Bloomberg the Company & Products

Bloomberg Anywhere Login

Bloomberg

Connecting decision makers to a dynamic network of information, people and ideas, Bloomberg quickly and accurately delivers business and financial information, news and insight around the world.

Company

Financial Products

Enterprise Products

Media

Customer Support

  • Americas

    +1 212 318 2000

  • Europe, Middle East, & Africa

    +44 20 7330 7500

  • Asia Pacific

    +65 6212 1000

Communications

Industry Products

Media Services

Follow Us

Dollar Set to Slide Versus Canada Peer on Fed, BNP Paribas Says

Don't Miss Out —
Follow us on:

July 12 (Bloomberg) -- Investors should bet the dollar will fall against its Canadian counterpart on expectations the Federal Reserve will introduce more stimulus, according to BNP Paribas SA.

Enter the trade of the U.S. dollar against the Canadian currency at C$1.0240 with a target of 98 cents, Steven Saywell, head of currency strategy for Europe at BNP Paribas in London, wrote in a note to clients today. The trade should be abandoned if the greenback rises to C$1.0446, he said.

BNP expects the Fed to undertake this quarter a third round of asset purchases, known as quantitative easing. Yesterday, minutes from the central bank’s June meeting signaled some policy makers would support implementing more stimulus if the economy slows further.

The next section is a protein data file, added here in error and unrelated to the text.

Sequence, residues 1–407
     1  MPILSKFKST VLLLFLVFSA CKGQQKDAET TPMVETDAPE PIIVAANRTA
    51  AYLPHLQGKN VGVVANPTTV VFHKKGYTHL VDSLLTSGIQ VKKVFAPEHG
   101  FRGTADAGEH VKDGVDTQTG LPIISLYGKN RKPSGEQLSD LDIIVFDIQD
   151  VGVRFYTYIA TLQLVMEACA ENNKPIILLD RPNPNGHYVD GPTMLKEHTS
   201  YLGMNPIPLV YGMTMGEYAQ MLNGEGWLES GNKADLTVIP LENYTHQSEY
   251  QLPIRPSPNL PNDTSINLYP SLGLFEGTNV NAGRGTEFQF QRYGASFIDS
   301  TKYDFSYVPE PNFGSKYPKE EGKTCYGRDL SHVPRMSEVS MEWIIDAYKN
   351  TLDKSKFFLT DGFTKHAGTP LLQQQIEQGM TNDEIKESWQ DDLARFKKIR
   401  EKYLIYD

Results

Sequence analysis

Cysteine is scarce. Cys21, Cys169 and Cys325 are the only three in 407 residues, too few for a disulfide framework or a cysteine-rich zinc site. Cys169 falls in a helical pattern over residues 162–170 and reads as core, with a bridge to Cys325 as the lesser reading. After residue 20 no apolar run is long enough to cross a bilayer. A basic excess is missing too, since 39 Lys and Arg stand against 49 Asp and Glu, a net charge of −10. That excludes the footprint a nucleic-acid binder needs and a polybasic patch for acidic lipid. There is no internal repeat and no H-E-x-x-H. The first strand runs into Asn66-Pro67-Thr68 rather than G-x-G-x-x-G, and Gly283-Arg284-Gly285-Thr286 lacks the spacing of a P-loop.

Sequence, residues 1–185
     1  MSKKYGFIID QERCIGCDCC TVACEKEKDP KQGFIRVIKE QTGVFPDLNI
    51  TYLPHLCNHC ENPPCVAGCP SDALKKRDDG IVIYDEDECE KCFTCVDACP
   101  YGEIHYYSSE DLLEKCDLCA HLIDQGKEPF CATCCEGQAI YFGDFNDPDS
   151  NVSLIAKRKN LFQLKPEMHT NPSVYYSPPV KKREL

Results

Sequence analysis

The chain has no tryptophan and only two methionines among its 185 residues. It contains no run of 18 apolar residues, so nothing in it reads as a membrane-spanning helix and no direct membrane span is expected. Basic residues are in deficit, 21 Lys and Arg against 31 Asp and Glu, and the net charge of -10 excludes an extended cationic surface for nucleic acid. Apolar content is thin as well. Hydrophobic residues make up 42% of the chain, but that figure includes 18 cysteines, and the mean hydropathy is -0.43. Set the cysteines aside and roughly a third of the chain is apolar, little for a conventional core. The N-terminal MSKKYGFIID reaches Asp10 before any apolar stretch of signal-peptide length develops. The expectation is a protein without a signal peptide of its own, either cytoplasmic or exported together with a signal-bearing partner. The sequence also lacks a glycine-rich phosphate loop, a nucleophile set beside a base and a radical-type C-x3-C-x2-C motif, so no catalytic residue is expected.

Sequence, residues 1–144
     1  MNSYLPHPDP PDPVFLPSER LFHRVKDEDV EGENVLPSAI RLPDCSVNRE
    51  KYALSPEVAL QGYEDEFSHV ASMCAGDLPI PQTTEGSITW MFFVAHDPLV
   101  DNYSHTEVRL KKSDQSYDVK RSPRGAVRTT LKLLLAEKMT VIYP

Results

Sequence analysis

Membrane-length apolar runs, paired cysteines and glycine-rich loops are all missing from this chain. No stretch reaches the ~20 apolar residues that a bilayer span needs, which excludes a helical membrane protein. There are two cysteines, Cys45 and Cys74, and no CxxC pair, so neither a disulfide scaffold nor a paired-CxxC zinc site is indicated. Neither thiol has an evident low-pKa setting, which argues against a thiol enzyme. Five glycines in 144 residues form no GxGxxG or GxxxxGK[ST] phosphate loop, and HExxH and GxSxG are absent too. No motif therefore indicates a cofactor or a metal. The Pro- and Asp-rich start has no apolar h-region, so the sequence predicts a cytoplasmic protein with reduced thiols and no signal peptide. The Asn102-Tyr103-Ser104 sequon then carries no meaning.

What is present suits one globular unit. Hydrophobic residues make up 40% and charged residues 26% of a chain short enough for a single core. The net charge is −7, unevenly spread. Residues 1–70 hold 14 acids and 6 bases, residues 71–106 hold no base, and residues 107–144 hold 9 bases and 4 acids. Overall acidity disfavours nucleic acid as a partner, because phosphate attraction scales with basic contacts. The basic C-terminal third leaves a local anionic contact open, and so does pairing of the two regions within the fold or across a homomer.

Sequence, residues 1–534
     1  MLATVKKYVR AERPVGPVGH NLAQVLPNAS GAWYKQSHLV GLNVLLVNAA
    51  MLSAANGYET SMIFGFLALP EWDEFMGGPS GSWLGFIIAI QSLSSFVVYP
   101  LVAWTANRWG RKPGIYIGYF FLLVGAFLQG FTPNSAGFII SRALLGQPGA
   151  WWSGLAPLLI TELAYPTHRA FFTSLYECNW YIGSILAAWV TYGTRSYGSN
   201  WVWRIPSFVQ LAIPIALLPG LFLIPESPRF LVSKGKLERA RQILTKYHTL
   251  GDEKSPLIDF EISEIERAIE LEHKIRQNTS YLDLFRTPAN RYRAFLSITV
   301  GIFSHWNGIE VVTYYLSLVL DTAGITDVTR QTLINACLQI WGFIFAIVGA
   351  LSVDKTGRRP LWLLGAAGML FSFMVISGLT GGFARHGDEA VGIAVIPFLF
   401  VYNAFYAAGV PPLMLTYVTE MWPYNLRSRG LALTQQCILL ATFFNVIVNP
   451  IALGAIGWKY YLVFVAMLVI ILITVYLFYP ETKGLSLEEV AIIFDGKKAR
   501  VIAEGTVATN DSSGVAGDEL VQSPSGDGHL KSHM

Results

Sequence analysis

Fed action “should boost risky assets, lower the risk premium and weaken the the U.S. dollar,” Saywell wrote. “The Canadian dollar should be one of the principal beneficiaries.”

Canada’s currency, nicknamed the loonie for the image of the waterfowl on the C$1 coin, rose 0.1 percent to C$1.0184 at 3:21 p.m. in New York. It last traded at 98 cents in April. The loonie is the second-best performer this year against nine-developed nation counterparts, after New Zealand’s dollar, according to the Bloomberg Correlation-Weighted Indexes.

Increases in U.S. stocks and the price of Brent crude oil would also lead Canada’s dollar to strengthen, Saywell wrote. Brent oil for August settlement rose 0.9 percent to $101.14 a barrel after the U.S. announced more sanctions against Iran. The Standard & Poor’s 500 Index fell 0.3 percent to $1,337.96.

To contact the reporter on this story: Lindsey Rupp in New York at lrupp2@bloomberg.net

To contact the editor responsible for this story: Dave Liedtka at dliedtka@bloomberg.net

Please upgrade your Browser

Your browser is out-of-date. Please download one of these excellent browsers:

Chrome, Firefox, Safari, Opera or Internet Explorer.